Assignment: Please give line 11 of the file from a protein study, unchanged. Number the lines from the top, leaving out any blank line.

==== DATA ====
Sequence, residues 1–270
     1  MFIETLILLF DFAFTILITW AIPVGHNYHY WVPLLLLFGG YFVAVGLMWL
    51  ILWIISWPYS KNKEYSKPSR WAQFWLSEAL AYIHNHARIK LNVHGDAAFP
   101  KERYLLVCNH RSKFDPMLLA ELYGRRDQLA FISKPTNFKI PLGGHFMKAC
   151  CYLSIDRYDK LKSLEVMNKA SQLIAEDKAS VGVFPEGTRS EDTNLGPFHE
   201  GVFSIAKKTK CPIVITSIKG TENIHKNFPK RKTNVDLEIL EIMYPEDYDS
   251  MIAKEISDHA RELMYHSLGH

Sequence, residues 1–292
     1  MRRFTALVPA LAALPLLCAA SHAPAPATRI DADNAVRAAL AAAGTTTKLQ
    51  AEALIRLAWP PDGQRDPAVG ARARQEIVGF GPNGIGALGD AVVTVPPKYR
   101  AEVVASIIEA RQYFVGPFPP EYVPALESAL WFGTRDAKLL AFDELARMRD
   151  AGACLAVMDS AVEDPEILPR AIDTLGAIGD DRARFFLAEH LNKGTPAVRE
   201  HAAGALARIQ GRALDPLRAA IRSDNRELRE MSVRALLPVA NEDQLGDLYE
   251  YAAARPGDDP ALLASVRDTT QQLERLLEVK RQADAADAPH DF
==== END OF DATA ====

   101  AEVVASIIEA RQYFVGPFPP EYVPALESAL WFGTRDAKLL AFDELARMRD